While working in the insurance industry, I have worked with many start-up crane operations. Crane operators who strike out on their own have a high profitability rate and in my experience, are usually successful.
The crane operators I see that are the most successful all have a few things in common. First, and probably most important, is having work! The operators that start up and are hoping to have jobs typically don’t see the profits they were hoping for. The successful operators have a list of clients they have worked with while working for past companies that would be happy to hire them instead because of the relationships they’ve built.
The second one ties in with the first. The successful operators have experience in the field. This experience is two-fold. The obvious benefit of experience is being able to do your job well.
Cranes are a high-risk venture in that the damage that can be caused by one is extreme. If you are lifting an AC unit for a million-dollar home and happen to have an accident that destroys the building, you are looking at a large claim.
Lastly, successful crane operation startups have a good business servicing partner to help them do the things they aren’t as experienced with….like running a business!
Here at Alliance, we work to provide a full business service platform for our clients. We look to be true partners with our clients. Our offerings include insurance services, payroll, HR and benefits. Let’s look at how that translates into success for our crane operations startups.
Crane insurance is a highly specialized market. There are few carriers who will insure this class of business. Making sure you pick the right broker is very important. For our startups, we have a program that insures all the major risks. The general liability in the policy covers crane operations, as well as over the road auto liability coverage for your crane.
Instead of needing a separate policy to register or drive your crane, you get it all in one policy. It also includes sub-limits for rigger’s liability (also known as on-hook coverage) just in case you drop something. We package all of that with an inland marine policy that covers the physical damage on your crane and you are ready to start lifting.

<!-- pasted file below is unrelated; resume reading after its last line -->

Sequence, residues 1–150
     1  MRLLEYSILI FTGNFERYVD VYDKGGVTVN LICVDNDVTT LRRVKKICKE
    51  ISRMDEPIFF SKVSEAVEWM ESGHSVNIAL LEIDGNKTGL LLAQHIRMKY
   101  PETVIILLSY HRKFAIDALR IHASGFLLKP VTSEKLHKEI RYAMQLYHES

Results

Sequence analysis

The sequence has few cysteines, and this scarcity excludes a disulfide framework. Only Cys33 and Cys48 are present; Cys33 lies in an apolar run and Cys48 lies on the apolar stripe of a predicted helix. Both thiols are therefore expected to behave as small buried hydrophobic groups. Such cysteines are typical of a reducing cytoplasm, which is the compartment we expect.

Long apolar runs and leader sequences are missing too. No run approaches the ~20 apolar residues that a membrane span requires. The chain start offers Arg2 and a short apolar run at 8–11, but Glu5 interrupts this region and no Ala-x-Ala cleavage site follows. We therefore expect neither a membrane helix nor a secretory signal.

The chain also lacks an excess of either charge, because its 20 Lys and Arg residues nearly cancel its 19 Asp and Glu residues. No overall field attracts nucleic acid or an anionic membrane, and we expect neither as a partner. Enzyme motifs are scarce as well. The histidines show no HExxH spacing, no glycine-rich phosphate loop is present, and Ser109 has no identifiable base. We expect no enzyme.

Payroll might not be something a startup needs right away. You may be filing yourself as a 1099 or may not have any employees beyond yourself. If you do not fall under that category, payroll taxes, W-2’s, and other payroll concerns might seem overwhelming.
Here at Alliance, we have our own in-house payroll service. You have a single point of contact and don’t have to hit tons of buttons to get a real person on the phone. They can handle your payroll and you can choose between direct deposit or physical checks. They also make sure to handle the payroll taxes for you. If you have a worker’s compensation policy, they can help to ensure your payroll is properly calculated to avoid surprise audits at the end of the year.
HR & Benefits
HR and benefits are a key to any business that is looking to grow. The number one resource of any business is people, and to keep people you need to keep them happy. Getting the best talent over to your team requires that you offer benefits in the form of health insurance or a 401k.
We have benefits consultants that can help you move in the right direction. We also have HR consultants that work with our clients to make sure they have proper employee handbooks and other HR services if needed.
Some Final Tidbits
When looking to start your crane operation, insurance is typically the first thing you need to get to start working (or to buy that new crane). It’s important to have a few things handy:
1. A registered LLC with an FEIN
2. A current NCCCO Certificate (a copy this will be required to get a quote)
3. A resume showing your experience working with cranes. This doesn’t need to be fancy for the job interview, the insurance companies just need to know what kind of work you have done before!
4. A copy of a job ticket. This is important because they want to see that you have a scope of operations for each job.
5. Maintenance records for your crane. An ill kept crane is a liability. Insurance companies want to know that the crane they are insuring is operating how it’s supposed to.
If you are looking at starting your own crane operation, or if you weren’t but you are now that you’ve read this, give us a call here at Alliance, or fill out the form below and let us partner with you!